45 Words to cut to be a stronger writer
Filter words are often used when narrating a story through the character’s eye.
You want the reader to feel the emotions of the character as they feel them. But filter words can have the opposite effect and even distance yourself from the character—NO BUENO.
Don’t make yourself crazy and cut them all out. (Or do, it’s your masterpiece, you get to decide it all!) However, if you want a stronger emotional connection to the reader, then it’s best to limit these words.
Here’s an example thanks to Let’s Talk Writing Craft:
She smelled it in the air, realizing that it reminded her of home. She knew it was only lemon and sugar, and she wondered if this smell was always going to remind her of her childhood.
Or, without the filter words.
The smell was in the air, and it brought memories of home. It was only lemon and sugar, but it always reminded her of her childhood.
Here’s another example thanks to Write It Sideways:
Sarah felt a sinking feeling as she realized she’d forgotten her purse back at the café across the street. She saw cars filing past, their bumpers end-to-end. She heard the impatient honk of horns and wondered how she could quickly cross the busy road before someone took off with her bag. But the traffic seemed impenetrable, and she decided to run to the intersection at the end of the block.
Eliminating the bolded words removes the filters that distances us, the readers, from this character’s experience:
Sarah’s stomach sank. Her purse—she’d forgotten it back at the café across the street. Cars filed past, their bumpers end-to-end. Horns honked impatiently. Could she make it across the road before someone took off with her bag? She ran past the impenetrable stream of traffic, toward the intersection at the end of the block.
CRUTCH WORDS are often used in the middle of the descriptions or in dialogue. These words are often filtered out with the help of an editor because they generally make the writing weaker.
If you overuse these words, don’t worry, you’re not alone. Many writers do, especially after the first draft before revisions. Now you know what words to look out for during your editing process.
Here’s an example thanks to Writermums:
“I thought I had damaged the television set. To my relief when I turned it on it flickered to life. It was definitely not damaged.”
This is a straightforward example. You already know removing “definitely” does not change the meaning of the sentence.
If you’re trying to drive a point across, by all means do. But some points can be understood just as well by the reader without the use of adverbs we think so highly of.
Let’s take a closer look at some of the crutch words and their examples thanks to literactor:
Like: “Like” is used to show uncertainty. And you. Should. Not. Be. Uncertain.
My eyes rested on the gun for a sliver of a moment. I snapped forward, grabbed it, and it was like the chill metal flowed from the gun into my veins.
That: When “that” is employed to add a description, you can almost always delete the word ‘that.’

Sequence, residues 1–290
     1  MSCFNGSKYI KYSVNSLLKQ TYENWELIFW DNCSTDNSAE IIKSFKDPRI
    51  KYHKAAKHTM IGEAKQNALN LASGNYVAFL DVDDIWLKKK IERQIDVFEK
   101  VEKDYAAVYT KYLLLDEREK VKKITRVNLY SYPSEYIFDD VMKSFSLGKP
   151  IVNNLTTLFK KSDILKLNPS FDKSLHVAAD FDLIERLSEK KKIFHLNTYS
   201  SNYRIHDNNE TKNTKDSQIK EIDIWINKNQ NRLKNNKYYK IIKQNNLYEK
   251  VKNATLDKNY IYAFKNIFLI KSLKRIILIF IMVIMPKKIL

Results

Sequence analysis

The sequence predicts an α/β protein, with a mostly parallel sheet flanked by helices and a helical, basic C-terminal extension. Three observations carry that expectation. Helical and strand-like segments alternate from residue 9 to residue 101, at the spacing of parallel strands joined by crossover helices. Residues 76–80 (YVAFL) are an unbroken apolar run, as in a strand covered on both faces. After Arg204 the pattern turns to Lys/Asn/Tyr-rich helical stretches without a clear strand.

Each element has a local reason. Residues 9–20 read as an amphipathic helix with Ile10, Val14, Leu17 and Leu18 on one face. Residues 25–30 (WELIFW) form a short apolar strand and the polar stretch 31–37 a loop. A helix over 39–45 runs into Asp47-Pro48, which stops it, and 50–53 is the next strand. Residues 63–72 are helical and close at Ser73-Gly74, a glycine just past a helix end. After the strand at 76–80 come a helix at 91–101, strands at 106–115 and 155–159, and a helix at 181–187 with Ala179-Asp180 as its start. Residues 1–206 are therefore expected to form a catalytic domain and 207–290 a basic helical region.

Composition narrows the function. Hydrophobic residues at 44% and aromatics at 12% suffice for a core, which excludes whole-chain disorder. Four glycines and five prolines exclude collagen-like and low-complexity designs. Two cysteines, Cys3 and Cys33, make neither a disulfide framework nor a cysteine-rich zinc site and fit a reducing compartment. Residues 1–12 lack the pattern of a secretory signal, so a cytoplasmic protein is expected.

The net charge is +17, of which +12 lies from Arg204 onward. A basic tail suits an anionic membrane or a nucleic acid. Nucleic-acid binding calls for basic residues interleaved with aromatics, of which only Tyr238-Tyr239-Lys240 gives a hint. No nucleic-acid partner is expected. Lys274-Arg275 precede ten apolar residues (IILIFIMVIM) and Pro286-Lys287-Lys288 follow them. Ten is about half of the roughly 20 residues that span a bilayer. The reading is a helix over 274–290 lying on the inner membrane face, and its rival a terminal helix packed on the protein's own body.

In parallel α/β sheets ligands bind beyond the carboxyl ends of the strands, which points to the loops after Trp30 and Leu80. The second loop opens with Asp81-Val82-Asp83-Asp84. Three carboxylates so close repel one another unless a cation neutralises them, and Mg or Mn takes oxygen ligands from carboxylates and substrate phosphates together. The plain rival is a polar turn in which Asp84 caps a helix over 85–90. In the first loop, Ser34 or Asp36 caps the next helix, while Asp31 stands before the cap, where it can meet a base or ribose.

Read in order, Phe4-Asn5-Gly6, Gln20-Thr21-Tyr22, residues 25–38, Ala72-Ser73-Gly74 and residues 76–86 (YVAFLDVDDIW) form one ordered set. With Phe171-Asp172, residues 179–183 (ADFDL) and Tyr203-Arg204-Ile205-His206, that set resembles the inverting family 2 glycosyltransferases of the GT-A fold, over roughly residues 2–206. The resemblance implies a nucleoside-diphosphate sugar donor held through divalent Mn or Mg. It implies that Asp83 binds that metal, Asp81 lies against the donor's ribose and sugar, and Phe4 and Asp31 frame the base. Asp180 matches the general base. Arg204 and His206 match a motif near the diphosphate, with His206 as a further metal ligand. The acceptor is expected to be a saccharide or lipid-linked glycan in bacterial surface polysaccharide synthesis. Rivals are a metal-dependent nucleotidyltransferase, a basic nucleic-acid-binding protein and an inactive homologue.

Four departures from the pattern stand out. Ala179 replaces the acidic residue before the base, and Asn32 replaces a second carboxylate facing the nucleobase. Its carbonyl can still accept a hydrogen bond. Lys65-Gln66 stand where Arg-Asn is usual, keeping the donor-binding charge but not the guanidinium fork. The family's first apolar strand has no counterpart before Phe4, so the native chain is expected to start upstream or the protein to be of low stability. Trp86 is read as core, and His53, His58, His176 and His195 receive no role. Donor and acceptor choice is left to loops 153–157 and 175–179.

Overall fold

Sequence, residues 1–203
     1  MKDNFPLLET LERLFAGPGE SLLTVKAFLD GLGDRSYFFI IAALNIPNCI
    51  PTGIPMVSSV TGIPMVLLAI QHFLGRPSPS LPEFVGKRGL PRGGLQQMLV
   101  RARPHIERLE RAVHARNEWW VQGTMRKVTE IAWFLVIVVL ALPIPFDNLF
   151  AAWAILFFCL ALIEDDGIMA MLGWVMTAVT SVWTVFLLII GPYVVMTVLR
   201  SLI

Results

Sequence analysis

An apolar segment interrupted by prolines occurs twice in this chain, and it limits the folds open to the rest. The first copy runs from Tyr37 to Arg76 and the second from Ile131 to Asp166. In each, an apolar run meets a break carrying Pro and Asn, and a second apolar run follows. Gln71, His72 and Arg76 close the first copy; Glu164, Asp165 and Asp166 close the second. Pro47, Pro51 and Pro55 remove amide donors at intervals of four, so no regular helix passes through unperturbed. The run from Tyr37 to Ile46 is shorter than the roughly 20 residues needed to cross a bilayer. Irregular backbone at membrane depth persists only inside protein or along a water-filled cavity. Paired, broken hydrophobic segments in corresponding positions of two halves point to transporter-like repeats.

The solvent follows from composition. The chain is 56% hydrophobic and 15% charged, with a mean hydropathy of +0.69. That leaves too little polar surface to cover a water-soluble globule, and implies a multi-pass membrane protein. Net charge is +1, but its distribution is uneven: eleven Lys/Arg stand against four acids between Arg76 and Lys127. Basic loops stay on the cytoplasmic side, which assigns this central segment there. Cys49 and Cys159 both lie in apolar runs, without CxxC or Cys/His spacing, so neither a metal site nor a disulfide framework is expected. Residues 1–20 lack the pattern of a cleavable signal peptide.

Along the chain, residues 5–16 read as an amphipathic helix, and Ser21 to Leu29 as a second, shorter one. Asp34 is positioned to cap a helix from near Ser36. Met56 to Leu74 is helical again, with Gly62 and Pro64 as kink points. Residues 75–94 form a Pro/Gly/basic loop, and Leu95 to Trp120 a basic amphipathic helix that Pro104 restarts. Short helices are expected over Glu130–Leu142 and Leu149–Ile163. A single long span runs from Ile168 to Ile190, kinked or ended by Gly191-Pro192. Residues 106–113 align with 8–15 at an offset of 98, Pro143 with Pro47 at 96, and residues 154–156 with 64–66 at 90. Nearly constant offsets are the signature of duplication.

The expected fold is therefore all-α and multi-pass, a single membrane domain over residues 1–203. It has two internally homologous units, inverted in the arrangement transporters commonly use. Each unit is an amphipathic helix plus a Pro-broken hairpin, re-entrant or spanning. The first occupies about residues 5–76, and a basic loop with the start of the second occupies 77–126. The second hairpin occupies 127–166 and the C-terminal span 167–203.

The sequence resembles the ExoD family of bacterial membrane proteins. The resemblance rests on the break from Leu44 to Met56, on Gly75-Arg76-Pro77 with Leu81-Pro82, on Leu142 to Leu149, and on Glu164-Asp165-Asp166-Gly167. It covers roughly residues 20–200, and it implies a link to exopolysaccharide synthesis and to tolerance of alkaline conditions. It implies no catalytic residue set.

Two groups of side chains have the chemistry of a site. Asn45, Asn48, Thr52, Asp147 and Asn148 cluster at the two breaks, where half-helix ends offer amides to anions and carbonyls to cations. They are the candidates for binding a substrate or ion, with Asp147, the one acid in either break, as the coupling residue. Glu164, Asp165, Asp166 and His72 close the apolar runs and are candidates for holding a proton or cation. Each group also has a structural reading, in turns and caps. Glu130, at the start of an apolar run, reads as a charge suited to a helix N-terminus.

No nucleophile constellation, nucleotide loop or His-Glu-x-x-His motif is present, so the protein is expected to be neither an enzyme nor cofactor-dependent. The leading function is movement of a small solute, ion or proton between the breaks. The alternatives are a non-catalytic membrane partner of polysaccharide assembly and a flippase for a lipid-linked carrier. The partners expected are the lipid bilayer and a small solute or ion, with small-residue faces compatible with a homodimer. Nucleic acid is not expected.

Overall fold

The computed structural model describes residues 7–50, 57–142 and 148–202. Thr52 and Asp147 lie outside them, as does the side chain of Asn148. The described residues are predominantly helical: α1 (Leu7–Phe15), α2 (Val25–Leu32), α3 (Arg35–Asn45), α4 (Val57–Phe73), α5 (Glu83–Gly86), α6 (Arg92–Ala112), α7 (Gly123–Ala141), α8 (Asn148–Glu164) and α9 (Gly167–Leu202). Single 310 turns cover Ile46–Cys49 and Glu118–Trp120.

Ireland was nothing but flowing green hills that flowed green.
I was drunk the night that your father and I met.
Is: Is, am, are, was, or were—it’s likely useless. When’s the last time you and your friends just “was’d” for a while? Have you ever said, “Hey, guys, I can’t—I’m busy am-ing”?
The “is” verbs are connecting terms that stand between your readers and the actual description.
I was sprinting sprinted toward the doorway.
Suddenly: “Sudden” means quickly and without warning but using the word “suddenly” both slows down the action and warns your reader. Do you know what’s more effective for creating the sense of the sudden? Just saying what happens.
I pay attention to every motion, every movement, my eyes locked on them.
Suddenly, The gun goes off.
Dialogue NOTE: If you are using some of these in your dialogue tags, it’s totally acceptable. Why? Because it adds an authenticity to how people sound when they talk in real life. Focus on limiting these words in your narrative.
45 WORDS TO CUT OR LIMIT
List of Filter words:
PRO TIP- Filter words often indicate “telling” rather than “showing.” Instead of saying “Joe knew Shmoe was lying,” say “Joe avoided Shmoe’s eyes as he stammered ‘I don’t know where it is.’” More on Telling vs Showing coming soon.
feel (or feel like)
sound (or sound like)
List of Crutch words:
Is, Am, Are, Was, Were
in order to
A.R. Garrett is writing her debut historical fiction series, Atalanta & The Amazons. As a writer of the ancient world, she excavates facts & dissects mythology to spotlight the most prolific warrior women lost in the shadows of our history books—adding a touch of fantasy for the daydreamer in all of us.
A.R. Garrett has a degree in Business and English with a concentration in fiction writing from SNHU, and is currently working on a double masters in Creative Writing and Ancient History. She’s been a freelance fiction editor since 2018 and created a platform to help other women writers on FB: www.facebook.com/groups/supportingwomenwriters
When she’s not wrangling her two boys in the mountains of Colorado and trying endlessly to understand the mystical world of algorithms, she loves handwritten letters sealed with a wax stamp, and appreciates a dang-good brownie.
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